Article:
Wednesday, September 23, 2009

A Different Sort of Wedding Planning Checklist

As I've mentioned, I was not one of those girls who sat around with Barbie and Ken dreaming about weddings.  So when the "I'm getting married" realization finally hit, I remember feeling terrified more than excited, because where the freaking frick do you even start (especially if tulle has never really been your thing)?

All I have to say is, the Knot's wedding planning checklists did not help with my terror.

So once we got officially engaged, I decided it would be cruel and counterproductive to send J a similar list.  I also decided that the standard "oh my goodness we're engaged what's our budget who do you want to invite what are your three most important must-haves" conversation would be equally unproductive as a starting point.  Because to me, there were bigger questions than flowers and venues.  Questions that get at the heart of why we want a wedding, and how we want our wedding to feel.  And once we answer that, I feel like the rest of it will all fall into place. 

Instead, I wrote a new wedding planning "checklist".  And we're beginning to savor its questions slowly, over a glass of wine at dinner, as we work through what's really important to us on this journey. 

 Our Wedding Planning Questions
  • Why have a wedding?  Why not elope instead?  Why not have a small intimate party with family instead?
  • What's the best wedding you ever went to and why did you think so?  What do you remember liking best?  What do you think gave you that "feeling"?  How would you describe it?
  • How much would you feel comfortable spending on our wedding?  How much would you feel comfortable contributing jointly? 
  • What are the benefits and disadvantages of paying for all (or most) of the wedding on our own, without parental assistance?  What do you envision is a fair breakdown for parental assistance, if we decide we'd like it?
  • How much would you feel comfortable asking our parents for (each, separately, as a percentage of total?) and for what items (general budget; specific assistance with dress, DJ, rehearsal, etc; or another format)
  • Do you have a ballpark figure for the total amount in your mind (including rings, ketubah, party rental, venue, catering, clothes, honeymoon, rehearsal)?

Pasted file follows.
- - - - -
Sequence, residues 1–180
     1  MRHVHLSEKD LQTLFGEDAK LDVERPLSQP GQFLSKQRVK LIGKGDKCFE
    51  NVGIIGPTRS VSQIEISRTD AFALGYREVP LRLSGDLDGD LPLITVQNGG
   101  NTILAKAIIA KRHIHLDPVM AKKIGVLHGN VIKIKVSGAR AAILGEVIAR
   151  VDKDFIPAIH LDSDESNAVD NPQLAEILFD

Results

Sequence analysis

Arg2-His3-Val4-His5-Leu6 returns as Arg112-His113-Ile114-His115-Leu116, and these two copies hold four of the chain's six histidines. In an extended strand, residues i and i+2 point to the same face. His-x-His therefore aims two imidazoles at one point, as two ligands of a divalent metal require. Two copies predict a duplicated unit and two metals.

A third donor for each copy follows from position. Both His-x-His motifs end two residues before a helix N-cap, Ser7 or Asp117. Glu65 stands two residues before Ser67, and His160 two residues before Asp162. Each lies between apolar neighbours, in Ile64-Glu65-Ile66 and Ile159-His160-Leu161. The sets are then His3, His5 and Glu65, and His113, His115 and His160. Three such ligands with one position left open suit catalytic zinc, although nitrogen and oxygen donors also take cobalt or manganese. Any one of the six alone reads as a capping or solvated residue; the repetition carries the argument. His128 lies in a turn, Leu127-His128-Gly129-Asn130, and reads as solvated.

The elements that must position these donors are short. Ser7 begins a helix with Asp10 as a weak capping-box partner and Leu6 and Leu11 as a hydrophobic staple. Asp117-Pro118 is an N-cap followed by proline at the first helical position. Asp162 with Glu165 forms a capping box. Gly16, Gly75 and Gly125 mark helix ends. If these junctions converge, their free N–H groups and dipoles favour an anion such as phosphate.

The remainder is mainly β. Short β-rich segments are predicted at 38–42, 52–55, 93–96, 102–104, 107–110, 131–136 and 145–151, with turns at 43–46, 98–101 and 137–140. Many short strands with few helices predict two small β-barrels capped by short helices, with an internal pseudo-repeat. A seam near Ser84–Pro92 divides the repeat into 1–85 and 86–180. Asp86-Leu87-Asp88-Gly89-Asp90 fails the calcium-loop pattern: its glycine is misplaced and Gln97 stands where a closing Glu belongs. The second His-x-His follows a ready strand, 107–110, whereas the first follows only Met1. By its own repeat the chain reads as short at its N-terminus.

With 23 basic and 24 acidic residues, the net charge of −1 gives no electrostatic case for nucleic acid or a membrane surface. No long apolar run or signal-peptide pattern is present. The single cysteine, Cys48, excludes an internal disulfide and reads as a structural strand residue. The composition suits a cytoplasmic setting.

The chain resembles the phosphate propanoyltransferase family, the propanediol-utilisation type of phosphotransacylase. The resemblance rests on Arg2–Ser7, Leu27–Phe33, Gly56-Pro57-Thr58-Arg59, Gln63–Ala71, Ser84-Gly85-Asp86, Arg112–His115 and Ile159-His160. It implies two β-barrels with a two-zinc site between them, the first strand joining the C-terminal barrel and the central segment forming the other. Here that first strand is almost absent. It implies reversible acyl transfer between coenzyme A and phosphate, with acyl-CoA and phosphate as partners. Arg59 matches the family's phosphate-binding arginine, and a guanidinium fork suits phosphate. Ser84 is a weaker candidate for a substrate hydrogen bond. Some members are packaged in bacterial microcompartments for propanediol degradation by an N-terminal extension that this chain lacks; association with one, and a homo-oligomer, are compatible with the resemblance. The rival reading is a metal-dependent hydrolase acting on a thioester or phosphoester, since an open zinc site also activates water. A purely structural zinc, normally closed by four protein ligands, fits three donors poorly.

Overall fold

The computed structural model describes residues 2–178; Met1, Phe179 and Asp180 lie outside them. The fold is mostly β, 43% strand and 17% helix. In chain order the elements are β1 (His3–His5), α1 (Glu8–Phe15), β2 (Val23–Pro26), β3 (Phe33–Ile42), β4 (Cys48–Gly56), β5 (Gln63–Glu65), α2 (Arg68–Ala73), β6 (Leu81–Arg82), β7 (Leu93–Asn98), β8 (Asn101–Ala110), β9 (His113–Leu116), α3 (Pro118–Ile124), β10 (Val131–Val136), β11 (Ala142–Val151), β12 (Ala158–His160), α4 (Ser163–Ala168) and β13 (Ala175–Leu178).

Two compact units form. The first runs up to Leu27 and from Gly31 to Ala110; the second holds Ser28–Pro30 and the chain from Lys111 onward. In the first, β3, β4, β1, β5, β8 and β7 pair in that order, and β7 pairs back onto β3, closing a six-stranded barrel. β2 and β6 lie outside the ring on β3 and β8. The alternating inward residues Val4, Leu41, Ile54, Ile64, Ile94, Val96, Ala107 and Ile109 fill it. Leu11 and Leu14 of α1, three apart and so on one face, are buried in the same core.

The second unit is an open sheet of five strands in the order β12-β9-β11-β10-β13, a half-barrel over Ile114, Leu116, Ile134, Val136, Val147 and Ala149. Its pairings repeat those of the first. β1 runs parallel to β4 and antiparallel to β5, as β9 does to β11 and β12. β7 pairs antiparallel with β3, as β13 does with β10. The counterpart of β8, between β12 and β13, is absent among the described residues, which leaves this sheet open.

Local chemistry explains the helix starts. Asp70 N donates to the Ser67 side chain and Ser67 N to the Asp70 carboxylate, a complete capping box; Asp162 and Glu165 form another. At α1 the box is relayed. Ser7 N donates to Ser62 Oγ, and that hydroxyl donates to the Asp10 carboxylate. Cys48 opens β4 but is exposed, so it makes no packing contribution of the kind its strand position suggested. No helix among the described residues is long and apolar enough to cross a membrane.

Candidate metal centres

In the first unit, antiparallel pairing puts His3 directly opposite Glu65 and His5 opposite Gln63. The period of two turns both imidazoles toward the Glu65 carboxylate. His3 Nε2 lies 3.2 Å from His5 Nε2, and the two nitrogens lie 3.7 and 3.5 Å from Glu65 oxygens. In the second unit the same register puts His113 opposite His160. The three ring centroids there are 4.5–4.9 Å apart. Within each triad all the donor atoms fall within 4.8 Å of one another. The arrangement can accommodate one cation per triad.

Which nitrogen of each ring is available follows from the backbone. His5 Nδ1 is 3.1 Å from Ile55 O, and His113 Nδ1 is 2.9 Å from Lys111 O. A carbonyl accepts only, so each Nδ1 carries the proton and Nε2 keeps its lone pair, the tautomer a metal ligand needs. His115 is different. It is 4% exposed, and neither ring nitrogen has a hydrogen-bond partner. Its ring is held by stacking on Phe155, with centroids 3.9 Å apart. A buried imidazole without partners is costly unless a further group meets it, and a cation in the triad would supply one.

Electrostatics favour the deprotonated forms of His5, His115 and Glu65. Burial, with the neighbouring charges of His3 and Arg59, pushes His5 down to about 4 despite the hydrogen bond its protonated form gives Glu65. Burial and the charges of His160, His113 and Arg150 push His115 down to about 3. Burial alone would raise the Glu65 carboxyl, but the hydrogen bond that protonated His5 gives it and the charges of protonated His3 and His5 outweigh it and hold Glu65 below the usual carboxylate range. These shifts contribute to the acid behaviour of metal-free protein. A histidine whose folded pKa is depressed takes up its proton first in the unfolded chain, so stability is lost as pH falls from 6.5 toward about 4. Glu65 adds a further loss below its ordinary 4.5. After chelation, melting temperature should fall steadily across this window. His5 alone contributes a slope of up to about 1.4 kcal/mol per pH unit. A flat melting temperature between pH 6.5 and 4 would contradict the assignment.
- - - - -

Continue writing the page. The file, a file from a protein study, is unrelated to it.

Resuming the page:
• How does a wedding relate in importance to paying for a house/kids/car/school/other big-life expenses?
  • How many guests do you envision sharing our day?  Do you think your must-invite obligation list would be much larger than half of that? 
  • How do you feel about a smallish wedding (50-80)?  A really large wedding (200+)?  A medium-sized wedding (100-150?)  What are the advantages of any of these?
  • How do you envision the night before our wedding?  The day of?  Are there elements you're really looking forward to?  Things you figure just happen/you have to do?  What about your ideal version of a magical day - how would it go?
  • Which parts of wedding planning are you looking forward to?  Are there any parts you're dreading?
  • What are your ideas for making planning manageable - in the context of our relationship and everyday life, in terms of time invested, in terms of families?  What challenges do you see and what strategies can we use? 
 For the moment, we're actually enjoying this wedding planning thing (if approached in manageable one-hour chunks during which we actually listen to each other.) The Knot can come later (or not. whatever.)


  1. Very nice article... Keep it up... I will be back for more information. pls visit my blog

  2. Love love love...I think we may have been separated at birth ;p

  3. Love this! And as for Evoke's comment above, perhaps we were triplets separated at birth??

  4. I very much love this. My fiance and I have discussed some of these things but I love having it written out like this. We will have much further discussions as the next 9 months pass...

    Thank you.

  5. This is a wonderful list! I would add: What makes us unique as a couple and how can we communicate that to our friends and family? We've been thinking of our wedding as a sort of 'coming out' about who we are as a couple, sharing ourselves and the intimacy of our relationship with our community. That focus has really helped us to make decisions, write our vows, stay sane, etc.


I love active conversations, including (civil) disagreement. I don't love spam or people who use internet anonymity to be rude and disparaging. Spam and rudeness will be deleted.